Connie is reading through some of Whit's short stories and wishes aloud that she could write like Whit. She feels that something interesting is always happening to Whit, while she is as boring as a glass of water. But Whit disagrees and reminds Connie of an incident that recently happened to her, which would make a great story.
Connie directed one of Whit's plays, "The Sower and the Seeds," based on the parable of the sower. Everyone around Whit's End had roles. At first, they each were excited about their parts, but soon the actors began to behave just like the "scattered seeds" in the parable.
Eugene was snatched from the play by his college computer club, just like the seed in the parable was snatched up by the birds. Monty Whittaker-Dowd was like the seeds sown among the rocks - enthusiastic in the beginning about his part, but when things got tough, he left. Jenny Whittaker-Dowd was worried about what other people would think of her if she didn't do a perfect job. She was so worried, in fact, that she choked - just like the seeds sown among the thorns. Tom Riley and Lucy Cunningham-Schultz were similar to the good seeds who stuck with it, worked hard, and produced a good crop - the play.
Connie realizes she has lived out a modern version of one of Jesus' parables, and she thanks Whit for pointing that out. Whit smiles and tells her that we're surrounded by parables in our daily lives - we just have to learn to look for them.
- This plot section is too short and should be expanded. »
- Monty was excited about his part at first, but then his enthusiasm petered out. Has that ever happened to you?
- How so?
- Jenny choked and couldn't do her part at all. Have you ever "choked" on something you were involved in?
- What did you do?
- Eugene became so busy with other things, he couldn't do his part. Is there something important you're neglecting because you are too busy?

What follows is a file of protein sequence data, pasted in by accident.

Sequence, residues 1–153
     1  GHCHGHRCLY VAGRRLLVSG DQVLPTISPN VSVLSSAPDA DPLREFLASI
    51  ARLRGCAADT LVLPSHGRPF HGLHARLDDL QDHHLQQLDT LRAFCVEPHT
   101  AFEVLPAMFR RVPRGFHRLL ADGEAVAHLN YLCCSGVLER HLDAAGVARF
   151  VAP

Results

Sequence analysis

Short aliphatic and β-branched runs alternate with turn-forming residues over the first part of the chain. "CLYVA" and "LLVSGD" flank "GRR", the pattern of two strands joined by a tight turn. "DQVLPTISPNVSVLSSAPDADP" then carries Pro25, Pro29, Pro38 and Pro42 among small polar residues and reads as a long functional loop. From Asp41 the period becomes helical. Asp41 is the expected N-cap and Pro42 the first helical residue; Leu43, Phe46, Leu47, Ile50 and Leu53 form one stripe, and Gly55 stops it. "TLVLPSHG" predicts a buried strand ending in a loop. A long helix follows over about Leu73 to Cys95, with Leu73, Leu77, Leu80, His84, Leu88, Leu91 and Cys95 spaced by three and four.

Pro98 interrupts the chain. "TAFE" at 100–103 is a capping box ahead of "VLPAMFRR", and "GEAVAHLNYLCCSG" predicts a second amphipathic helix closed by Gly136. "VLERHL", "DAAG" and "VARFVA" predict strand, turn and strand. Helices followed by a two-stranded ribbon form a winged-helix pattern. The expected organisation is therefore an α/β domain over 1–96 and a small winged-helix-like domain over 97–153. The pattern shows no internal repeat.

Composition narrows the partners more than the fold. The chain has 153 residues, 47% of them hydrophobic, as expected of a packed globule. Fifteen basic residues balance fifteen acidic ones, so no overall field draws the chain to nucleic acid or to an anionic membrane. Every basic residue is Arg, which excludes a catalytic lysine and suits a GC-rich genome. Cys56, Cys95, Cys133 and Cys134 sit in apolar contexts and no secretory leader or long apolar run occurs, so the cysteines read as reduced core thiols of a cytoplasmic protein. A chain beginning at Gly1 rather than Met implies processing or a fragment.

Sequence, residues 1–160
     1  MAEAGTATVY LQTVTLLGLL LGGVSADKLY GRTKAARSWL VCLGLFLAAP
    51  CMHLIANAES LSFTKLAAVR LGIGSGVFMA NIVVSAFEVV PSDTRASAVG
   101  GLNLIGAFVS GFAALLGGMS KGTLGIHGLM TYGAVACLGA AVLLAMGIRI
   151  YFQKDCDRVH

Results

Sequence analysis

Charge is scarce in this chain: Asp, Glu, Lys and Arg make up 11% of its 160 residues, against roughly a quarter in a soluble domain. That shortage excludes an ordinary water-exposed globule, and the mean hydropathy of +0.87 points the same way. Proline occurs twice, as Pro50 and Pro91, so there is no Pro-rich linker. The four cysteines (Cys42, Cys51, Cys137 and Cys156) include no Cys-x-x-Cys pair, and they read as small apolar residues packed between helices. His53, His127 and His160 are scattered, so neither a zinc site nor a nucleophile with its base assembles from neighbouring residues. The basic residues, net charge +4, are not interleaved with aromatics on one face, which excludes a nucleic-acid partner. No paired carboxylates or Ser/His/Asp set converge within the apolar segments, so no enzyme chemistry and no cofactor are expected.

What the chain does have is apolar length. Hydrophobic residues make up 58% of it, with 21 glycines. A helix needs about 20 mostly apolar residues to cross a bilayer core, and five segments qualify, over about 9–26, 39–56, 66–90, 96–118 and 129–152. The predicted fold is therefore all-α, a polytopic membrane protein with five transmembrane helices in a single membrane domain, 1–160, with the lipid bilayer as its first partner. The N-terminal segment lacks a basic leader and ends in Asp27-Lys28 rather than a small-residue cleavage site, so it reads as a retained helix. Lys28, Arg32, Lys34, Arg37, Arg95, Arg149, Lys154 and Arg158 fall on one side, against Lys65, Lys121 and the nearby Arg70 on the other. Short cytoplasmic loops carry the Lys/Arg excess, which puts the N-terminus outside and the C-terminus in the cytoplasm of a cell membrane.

|Connie Kendall||Katie Leigh|
|Eugene Meltsner||Will Ryan|
|Jenny Whittaker-Dowd||Tiffany Brissette|
|John Whittaker||Hal Smith|
|Lucy Cunningham-Schultz||Genni Long|
|Monty Whittaker-Dowd||Chad Reisser|
|Tom Riley||Walker Edmiston|
VERSION DIFFERENCE: [view] In the broadcast version of this episode, Chris begins the episode from her greenhouse where she has rare plants, and one way of entertaining them is by playing the AIO theme. After she plays it, though, the plants all start choking.
- This show is credited as being written by Campbell Freed. The name came from Phil Lollar and Paul McCusker mothers' - Agnes Campbell Lollar (Phil’s mother) and Nancy Freed (Paul's mother).
- Interesting to know that Connie wishes she could write, but she doesn't take action on this wish until #580: “Tales of a Small-Town Thug”.
- The story Connie reads in the beginning is from another AIO episode, #12: “The Tangled Web”.
- This episode is the first to feature Eugene's ukelele. This started Eugene's musical career, and eventually went on to make 2 albums, Eugene Sings and Eugene Sings! Christmas
- Eugene says, "Down to the last microbyte." (See fourth quote below.) "Kilobyte," "Byte," and "Bit" are computer terms (for decreasingly small memory), but "Microbyte" doesn't mean anything! Perhaps Eugene was too preoccupied to think.
- AIO Update: Read
QuotesConnie Kendall: Actually, uh, I did the play while I was in elementary school. It was called 'Little Flip-Flop Meets Mean Old Mr. Gum'. It was an anti-litter program!
John Whittaker: Have you tried?
Connie Kendall: Yeah, I've tried. I start with a pencil and a blank piece of paper.
John Whittaker: And?
Connie Kendall: And, I end with pencil and a blank piece of paper!
Tom Riley: The computer club has something urgent? What could be urgent?! It has a fractured floppy disk? A cracked keyboard?
Tom Riley: I guess everything is taken care of now, Eugene?
Eugene Meltsner: Down to the last microbyte!
Connie Kendall: Monty, you can't leave!!
Monty Whittaker-Dowd: Hey! This is one thing I can do as good as my sister! Goodbye!
Connie Kendall: <reading lines to Monty> The news of it has spread...
Monty Whittaker-Dowd: The news of it has spread... Um...
Connie Kendall: Even out to these lonely...
Monty Whittaker-Dowd: The news of it has spread even out to these lonely... Um...
Connie Kendall: And nethermost...
Monty Whittaker-Dowd: And nethermost...
Connie Kendall: Regions.
Monty Whittaker-Dowd: Regions!
Connie Kendall: <exasperated> Monty!
Monty Whittaker-Dowd: Monty!